+0 0-23/3 * * * /usr/local/bin/ribs my_host hourly # run my_host every three hours
+59 1 * * * /usr/local/bin/ribs my_host,big_host daily # run these two hosts daily
+58 1 * * 0 /usr/local/bin/ribs small_host weekly # run small_host once a week
+57 1 1 * * /usr/local/bin/ribs ALL monthly # use the keyword ALL to run all hosts monthly
+Notice that we schedule the daily, weekly, and monthly to occur at a
+different hour than the hourly ones.
+You can run this script from the command line and may want to do so a
+few times before installing it in crontab to make sure you have worked
+out the kinks. Also it is important to schedule the cron jobs such that
+they will not overlap with each other. In other words, if the daily
+backup runs at the same time as the hourly backup you will have
+problems. Generally, scheduling the backups 15 minutes apart will work.
+Exclude Patterns:
+Much of the following explanation of exclude patterns comes from the
+rsync man page. The patterns can take several forms. The rules are:
+* If the pattern starts with a / then it is matched against the start of the
+ filename, otherwise it is matched against the end of the filename. Thus
+ "/foo" would match a file called "foo" at the base of the tree. On the
+ other hand, "foo" would match any file called "foo" anywhere in the tree
+ because the algorithm is applied recursively from top down; it behaves as
+ if each path component gets a turn at being the end of the file name.
+* If the pattern ends with a / then it will only match a directory, not a file,
+ link or device.
+* If the pattern contains a wildcard character from the set *?[ then expression
+ matching is applied using the shell filename matching rules. Otherwise a simple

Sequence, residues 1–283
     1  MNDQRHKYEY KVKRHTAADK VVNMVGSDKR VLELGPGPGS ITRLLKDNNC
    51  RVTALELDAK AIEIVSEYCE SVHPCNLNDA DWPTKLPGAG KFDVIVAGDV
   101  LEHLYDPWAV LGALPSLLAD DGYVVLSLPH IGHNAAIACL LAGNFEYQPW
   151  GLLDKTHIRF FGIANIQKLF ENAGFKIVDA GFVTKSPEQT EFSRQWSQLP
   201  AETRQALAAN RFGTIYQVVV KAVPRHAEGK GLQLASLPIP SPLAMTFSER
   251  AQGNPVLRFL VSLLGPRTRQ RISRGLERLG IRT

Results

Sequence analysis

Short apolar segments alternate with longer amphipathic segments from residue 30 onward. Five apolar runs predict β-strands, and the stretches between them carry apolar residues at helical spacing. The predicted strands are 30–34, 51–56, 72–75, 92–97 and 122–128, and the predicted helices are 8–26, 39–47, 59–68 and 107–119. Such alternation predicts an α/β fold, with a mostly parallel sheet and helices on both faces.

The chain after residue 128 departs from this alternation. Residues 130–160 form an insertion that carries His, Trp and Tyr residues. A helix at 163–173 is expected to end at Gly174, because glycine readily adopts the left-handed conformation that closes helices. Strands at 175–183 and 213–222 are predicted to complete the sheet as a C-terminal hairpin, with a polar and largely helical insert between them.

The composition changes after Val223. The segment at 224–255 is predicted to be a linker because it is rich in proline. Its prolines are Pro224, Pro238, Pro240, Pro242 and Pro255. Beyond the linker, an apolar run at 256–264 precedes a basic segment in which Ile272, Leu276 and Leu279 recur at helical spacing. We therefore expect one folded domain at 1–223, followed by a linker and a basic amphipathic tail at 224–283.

+ string match is used.
+* If the pattern includes a double asterisk "**" then all wildcards in the
+ pattern will match slashes, otherwise they will stop at slashes.
+* If the pattern begins with a + then the file will be included. However, the
+ include rule must come before the exclude rule in order to override it.
+* Examples:
+ 'directories' => '/etc/rc.d'
+ 'excludes' => '/init.d' // exclude the top level init.d directory in rd.d/
+ 'excludes' => '*.sh' // exclude all shell files
+ 'excludes' => ' *.sh rc*.d/' // exclude all shell files, except, and all rcX.d directories
+Backup Types:
+The default backup type is incremental using hard links. This means
+that every directory will look like a full backup, but it will only take
+the space of the backup plus the changed files. However, for backups
+with lots of files (>1000) this can become slow. Thus, the other option
+is to use set the 'use_hard_links' option to false for the backup
+configuration. This will keep a full backup in the most recent
+directory, but only archive changed files in the other directories.
+So, roughly the same amount of space will be used, but not every
+directory will look like a full backup, and it will be faster for
+backups with lots of files.
+Extracting Incremental Backups From a hard linked backup:
+If an hourly backup is done and you would like to extract all changed files
+from that backup the following command will achieve that:
+find /backups/backup_name/hourly.0 -type f -links 1 | sed 's, ,\\,g' | xargs tar -czf /tmp/foo.tar.gz
+Note on ssh and port forwarding:
+If port forwarding with ssh means nothing to you, then you can ignore below.
+When connecting to the same 'host' twice, but the second connection is to a port
+forward to another host (i.e. behind a firewall), StrictHostKeyChecking (in the
+ssh config file on the host running ribs) will need to be disabled because the
+host key of the first port will conflict with the host key of the second port.
+An example: Machine A is x.x.x.x Machine B is y.y.y.y Machine A has ssh
+running on port 22. Machine B also has ssh listening on port 22, but Machine B
+is not accessible from the outside. So a port forward is setup on Machine A to
+get traffic to Machine B (e.g x.x.x.x:999 -> y.y.y.y:22)
+Thanks to Mike Rubel for his excellent paper and sample code...
+Thanks to Greg Lawler ( for the first BASH version
+Thanks to Shai ( for maintaining